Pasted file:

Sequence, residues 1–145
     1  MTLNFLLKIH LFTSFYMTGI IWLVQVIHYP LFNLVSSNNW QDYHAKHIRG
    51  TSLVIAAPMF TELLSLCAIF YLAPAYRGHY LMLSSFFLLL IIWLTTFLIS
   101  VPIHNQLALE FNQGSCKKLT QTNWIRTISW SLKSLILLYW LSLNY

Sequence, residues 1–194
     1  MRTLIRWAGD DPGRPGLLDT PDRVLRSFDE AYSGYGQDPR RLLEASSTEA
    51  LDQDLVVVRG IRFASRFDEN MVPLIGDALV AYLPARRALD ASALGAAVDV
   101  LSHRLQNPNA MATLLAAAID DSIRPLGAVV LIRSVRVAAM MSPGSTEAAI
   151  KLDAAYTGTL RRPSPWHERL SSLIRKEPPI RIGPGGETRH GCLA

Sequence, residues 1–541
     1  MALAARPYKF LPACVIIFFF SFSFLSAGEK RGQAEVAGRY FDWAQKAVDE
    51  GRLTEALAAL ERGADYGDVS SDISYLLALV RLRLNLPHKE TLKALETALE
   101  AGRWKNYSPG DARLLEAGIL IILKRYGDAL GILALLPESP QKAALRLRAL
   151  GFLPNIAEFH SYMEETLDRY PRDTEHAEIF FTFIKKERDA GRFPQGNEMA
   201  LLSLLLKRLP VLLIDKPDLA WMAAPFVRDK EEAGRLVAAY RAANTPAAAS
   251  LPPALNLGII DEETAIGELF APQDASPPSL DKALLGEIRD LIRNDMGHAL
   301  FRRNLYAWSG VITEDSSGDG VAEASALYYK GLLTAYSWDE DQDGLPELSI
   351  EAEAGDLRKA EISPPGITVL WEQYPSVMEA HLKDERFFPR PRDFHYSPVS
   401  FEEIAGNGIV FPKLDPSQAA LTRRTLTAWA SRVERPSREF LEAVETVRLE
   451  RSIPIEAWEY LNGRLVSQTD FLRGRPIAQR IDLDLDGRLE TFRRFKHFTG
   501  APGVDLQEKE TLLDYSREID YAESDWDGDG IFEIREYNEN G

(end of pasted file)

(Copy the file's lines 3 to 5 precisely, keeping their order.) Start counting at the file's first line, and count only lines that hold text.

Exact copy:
    51  TSLVIAAPMF TELLSLCAIF YLAPAYRGHY LMLSSFFLLL IIWLTTFLIS
   101  VPIHNQLALE FNQGSCKKLT QTNWIRTISW SLKSLILLYW LSLNY

Sequence, residues 1–194